The blueprint was basically a loser: Baseball would have announced that Rodriguez was banned for life, even though he never tested positive for steroids. Rodriguez and the union would have immediately appealed and almost certainly won. Unlike an appeal of a suspension, which can take weeks or months, a ban would have prompted an emergency hearing with an arbitrator. Rodriguez would have likely been on the field that Monday night in Chicago, having beaten baseball, even temporarily. Selig risked sacrificing a perfect record -- not one of the 13 players before Rodriguez attempted to appeal his suspension -- but swinging and missing, with Rodriguez winning even minor battles against the commissioner and galvanizing the union, would be the major misstep the public remembered.

The suspension under the terms of the drug policy was the clearer, cleaner choice, and Selig took it. A 211-game suspension was massive, it was decisive, and it had the desired effect on Rodriguez, who in his first news conference after the suspension was announced said he was "fighting for his life."

One person's paradigm shift is another's scrubbing of history. If baseball has chosen to draw a line at 2007, with the release of the Mitchell Report and subsequent amnesty of the players mentioned for previous transgressions, and it appears that it has, an overaggressive approach to Rodriguez still would have exposed the sport and commissioner. Selig would have had to explain how banning Rodriguez for life was in the best interest of the sport when numerous players, post-Mitchell, did not receive a similar penalty. Selig would have to answer for Barry Bonds, for example, who was convicted of obstruction of justice in 2011 and is still eligible for the Hall of Fame.

Selig would have had to explain how Dodgers hitting coach Mark McGwire, who as a condition of his hiring by Tony La Russa as hitting coach of the St. Louis Cardinals in 2010 admitted using anabolic steroids, didn't violate the best interests of the game. McGwire did more damage to the image of the sport than Rodriguez when he hugged the Maris family in the middle of his fraudulent home run chase in 1998 and embarrassed himself during the infamous March 17, 2005, congressional hearings. Selig would have had to explain how during those hearings with the House Government Reform Committee baseball struck a deal with committee chairman Tom Davis to essentially protect McGwire yet felt no hesitation to go after Rodriguez.

He would have to explain why denying Rodriguez due process was in the game's best interest when Miguel Tejada pleaded guilty to lying about PEDs to federal investigators in 2009 yet is currently the third baseman for the Kansas City Royals. Selig would have to explain why La Russa, who one day will be entering the Hall of Fame with help from home runs off the bats of McGwire and admitted steroid user Jose Canseco, works in the commissioner's office. Selig would have to explain why Roger Clemens, acquitted but not innocent, has been working for the Houston Astros.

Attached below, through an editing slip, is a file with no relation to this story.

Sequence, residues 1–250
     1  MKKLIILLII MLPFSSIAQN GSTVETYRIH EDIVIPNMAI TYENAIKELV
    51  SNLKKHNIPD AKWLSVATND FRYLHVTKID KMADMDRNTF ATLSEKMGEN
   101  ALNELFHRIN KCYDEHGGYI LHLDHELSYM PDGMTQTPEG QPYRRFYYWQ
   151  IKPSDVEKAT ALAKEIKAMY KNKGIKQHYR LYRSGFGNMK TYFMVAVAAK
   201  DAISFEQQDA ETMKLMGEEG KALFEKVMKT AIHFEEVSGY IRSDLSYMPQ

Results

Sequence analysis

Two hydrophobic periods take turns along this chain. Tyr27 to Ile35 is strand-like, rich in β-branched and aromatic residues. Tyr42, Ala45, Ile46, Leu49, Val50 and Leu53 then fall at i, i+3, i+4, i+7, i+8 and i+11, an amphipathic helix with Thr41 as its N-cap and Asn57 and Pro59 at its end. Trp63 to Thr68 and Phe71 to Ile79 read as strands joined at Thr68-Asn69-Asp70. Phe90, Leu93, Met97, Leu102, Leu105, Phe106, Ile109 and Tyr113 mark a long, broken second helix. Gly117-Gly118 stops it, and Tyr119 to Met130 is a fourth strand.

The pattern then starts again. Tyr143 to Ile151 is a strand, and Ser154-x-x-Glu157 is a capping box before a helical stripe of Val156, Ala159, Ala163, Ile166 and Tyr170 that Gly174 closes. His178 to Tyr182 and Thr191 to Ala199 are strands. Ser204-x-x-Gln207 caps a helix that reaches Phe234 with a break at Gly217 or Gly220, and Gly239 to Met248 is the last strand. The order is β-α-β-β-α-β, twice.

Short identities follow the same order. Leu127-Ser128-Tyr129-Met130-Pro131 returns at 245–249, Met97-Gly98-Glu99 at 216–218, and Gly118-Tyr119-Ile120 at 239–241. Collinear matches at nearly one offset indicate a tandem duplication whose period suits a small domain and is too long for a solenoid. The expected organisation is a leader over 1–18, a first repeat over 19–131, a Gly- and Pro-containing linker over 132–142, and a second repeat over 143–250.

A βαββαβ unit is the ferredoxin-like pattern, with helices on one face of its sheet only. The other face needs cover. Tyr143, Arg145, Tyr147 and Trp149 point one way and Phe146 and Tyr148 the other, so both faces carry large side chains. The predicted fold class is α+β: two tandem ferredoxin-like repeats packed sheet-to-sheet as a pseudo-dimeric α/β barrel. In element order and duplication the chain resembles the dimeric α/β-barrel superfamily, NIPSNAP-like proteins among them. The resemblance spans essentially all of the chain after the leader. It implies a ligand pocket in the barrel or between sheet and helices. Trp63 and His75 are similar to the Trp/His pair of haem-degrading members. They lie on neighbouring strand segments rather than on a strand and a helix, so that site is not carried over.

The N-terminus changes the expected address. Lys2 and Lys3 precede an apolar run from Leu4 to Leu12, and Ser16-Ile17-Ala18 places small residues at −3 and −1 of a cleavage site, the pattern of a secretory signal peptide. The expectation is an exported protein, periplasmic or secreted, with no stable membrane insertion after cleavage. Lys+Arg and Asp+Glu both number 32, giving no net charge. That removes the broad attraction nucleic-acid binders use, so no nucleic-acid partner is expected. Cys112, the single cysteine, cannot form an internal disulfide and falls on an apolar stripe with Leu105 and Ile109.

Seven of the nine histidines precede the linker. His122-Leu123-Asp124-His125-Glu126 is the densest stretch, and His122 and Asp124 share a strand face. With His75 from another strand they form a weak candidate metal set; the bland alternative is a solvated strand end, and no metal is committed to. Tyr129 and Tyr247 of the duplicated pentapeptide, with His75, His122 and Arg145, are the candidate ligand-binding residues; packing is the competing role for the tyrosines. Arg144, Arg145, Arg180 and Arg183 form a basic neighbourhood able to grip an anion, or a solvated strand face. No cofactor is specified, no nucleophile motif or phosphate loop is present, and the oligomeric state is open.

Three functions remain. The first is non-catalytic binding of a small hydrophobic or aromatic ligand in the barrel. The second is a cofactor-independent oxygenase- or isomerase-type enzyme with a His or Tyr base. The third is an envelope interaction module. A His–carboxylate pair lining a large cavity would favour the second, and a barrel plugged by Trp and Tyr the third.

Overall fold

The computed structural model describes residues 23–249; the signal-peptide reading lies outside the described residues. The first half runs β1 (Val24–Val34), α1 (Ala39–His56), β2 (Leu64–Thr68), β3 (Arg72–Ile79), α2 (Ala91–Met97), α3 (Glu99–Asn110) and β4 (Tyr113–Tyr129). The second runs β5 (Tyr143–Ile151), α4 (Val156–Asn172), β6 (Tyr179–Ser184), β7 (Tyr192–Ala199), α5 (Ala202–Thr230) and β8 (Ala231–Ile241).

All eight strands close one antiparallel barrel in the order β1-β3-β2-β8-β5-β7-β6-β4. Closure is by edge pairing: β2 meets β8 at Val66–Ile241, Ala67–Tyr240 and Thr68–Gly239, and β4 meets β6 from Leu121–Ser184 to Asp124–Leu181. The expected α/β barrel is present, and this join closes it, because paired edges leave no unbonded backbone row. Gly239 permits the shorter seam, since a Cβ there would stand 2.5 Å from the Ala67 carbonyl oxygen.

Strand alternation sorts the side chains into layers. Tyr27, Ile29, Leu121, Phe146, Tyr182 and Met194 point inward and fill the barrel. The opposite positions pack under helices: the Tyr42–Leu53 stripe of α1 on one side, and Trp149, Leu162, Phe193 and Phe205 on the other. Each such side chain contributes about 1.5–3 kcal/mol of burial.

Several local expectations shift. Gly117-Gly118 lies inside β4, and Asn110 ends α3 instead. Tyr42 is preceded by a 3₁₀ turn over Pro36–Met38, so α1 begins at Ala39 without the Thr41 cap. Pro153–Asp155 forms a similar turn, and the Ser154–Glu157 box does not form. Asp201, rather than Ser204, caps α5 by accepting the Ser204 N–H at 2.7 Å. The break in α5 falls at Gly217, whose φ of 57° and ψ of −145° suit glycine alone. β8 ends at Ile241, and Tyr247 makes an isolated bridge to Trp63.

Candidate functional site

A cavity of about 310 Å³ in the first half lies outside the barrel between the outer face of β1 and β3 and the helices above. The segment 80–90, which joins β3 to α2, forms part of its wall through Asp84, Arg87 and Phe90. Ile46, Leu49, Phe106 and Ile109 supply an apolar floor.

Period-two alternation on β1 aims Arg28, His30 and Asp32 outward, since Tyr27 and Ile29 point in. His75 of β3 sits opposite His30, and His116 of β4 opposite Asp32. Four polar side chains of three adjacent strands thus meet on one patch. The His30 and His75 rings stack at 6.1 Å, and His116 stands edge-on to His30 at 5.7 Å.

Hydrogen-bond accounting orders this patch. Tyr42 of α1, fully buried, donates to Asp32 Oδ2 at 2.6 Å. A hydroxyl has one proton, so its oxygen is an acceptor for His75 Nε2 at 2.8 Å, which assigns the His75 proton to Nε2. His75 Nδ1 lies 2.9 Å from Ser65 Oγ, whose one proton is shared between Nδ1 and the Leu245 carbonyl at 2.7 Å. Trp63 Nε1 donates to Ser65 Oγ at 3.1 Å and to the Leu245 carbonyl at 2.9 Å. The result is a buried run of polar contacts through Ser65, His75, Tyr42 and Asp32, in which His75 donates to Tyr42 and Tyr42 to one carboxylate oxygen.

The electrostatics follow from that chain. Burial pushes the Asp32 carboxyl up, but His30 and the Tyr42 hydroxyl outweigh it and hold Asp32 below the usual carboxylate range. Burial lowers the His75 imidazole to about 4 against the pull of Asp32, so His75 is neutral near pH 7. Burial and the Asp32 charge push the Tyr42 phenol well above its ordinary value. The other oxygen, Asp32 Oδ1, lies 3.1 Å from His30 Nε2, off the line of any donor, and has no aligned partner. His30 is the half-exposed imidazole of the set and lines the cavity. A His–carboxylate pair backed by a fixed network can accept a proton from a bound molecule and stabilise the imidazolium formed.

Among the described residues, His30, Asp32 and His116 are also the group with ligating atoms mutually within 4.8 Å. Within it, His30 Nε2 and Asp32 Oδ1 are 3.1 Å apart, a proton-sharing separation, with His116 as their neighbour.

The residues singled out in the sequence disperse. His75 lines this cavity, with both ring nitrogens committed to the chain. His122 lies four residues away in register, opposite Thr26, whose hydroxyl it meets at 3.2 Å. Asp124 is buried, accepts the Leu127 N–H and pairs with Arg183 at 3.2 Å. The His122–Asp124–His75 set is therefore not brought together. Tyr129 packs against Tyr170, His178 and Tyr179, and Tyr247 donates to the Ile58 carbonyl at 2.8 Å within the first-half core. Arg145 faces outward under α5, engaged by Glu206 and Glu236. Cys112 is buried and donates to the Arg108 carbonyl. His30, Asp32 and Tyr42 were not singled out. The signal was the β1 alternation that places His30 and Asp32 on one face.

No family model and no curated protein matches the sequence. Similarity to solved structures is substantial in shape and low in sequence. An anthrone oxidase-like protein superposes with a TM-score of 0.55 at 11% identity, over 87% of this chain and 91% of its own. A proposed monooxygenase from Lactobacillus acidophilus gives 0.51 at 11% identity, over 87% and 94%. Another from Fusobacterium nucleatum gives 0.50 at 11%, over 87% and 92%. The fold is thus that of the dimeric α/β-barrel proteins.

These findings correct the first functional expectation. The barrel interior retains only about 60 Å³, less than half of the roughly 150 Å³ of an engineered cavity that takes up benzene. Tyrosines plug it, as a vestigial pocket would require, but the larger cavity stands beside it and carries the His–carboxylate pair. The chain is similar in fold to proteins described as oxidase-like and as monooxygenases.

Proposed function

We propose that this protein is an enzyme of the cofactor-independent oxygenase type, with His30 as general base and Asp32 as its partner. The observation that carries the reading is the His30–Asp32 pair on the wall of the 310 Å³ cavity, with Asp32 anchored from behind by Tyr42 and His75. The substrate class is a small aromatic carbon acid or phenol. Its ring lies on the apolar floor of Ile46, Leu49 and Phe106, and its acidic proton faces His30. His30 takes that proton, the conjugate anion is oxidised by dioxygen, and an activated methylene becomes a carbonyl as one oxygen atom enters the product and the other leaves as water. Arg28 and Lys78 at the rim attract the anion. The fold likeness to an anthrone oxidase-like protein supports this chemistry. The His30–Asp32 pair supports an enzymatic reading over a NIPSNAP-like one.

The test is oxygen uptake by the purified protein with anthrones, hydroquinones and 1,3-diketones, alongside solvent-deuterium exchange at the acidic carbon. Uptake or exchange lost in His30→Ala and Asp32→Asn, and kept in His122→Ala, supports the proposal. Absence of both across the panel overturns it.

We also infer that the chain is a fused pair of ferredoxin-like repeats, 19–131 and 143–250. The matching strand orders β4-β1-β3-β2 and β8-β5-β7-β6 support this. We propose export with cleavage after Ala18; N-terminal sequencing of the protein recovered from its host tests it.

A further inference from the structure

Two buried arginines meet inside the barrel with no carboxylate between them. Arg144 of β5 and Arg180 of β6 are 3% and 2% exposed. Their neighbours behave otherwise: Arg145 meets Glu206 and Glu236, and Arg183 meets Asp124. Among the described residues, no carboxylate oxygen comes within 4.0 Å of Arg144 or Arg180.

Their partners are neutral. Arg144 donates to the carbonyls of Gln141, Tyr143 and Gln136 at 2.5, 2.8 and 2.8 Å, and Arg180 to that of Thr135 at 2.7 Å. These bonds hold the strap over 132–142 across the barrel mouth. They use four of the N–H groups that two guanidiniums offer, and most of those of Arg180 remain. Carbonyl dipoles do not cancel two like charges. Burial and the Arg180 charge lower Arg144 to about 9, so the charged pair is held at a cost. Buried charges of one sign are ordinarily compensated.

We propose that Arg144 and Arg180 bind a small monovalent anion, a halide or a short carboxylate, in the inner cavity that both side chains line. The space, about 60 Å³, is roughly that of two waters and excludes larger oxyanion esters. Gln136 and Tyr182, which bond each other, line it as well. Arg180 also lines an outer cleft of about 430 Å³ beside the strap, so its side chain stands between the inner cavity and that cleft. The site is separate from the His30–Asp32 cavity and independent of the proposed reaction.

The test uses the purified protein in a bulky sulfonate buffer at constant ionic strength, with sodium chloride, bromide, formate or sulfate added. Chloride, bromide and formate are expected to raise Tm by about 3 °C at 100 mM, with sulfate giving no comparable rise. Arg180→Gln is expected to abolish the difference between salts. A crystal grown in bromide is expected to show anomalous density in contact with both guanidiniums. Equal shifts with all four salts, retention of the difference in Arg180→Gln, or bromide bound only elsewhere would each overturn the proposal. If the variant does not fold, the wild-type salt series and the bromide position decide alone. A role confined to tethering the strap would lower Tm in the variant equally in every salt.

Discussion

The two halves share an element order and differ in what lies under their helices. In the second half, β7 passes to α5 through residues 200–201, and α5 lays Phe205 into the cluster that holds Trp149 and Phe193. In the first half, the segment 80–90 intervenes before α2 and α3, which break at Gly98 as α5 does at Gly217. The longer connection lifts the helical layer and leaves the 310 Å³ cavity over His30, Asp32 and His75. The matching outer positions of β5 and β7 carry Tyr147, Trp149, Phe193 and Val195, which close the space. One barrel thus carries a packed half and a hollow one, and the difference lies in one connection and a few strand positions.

The steroid era contained too many contradictions and casualties and too much responsibility to overreach and isolate only Rodriguez.

In the end, Selig, Manfred and his team chose wisely to lean on the 211-game ban with the narrow view of his Biogenesis infractions instead of pursuing a Rodriguez lifetime ban. Given Rodriguez's health and toxic reputation, the end result may be the same. Rodriguez has few allies. Mike Trout, a rising star, is writing a massive verbal check on PEDs, adding his name to the list of young, elite players who say they support lifetime bans for first offenses. Numerous baseball sources on both the player and management sides say it is likely that Selig will attempt to have the CBA reopened yet again to revise the league's joint drug policy to implement even stronger penalties. He is getting what he wants.

Selig didn't overreach because, in a sense, he didn't have to. He has a powerful weapon his office has never had before on the PED front: the players, who through their muscular public comments are already doing much of the commissioner's work for him. Attempting to use his best interest power in this instance would have exposed baseball to the truth that it is a cudgel that doesn't really exist anymore.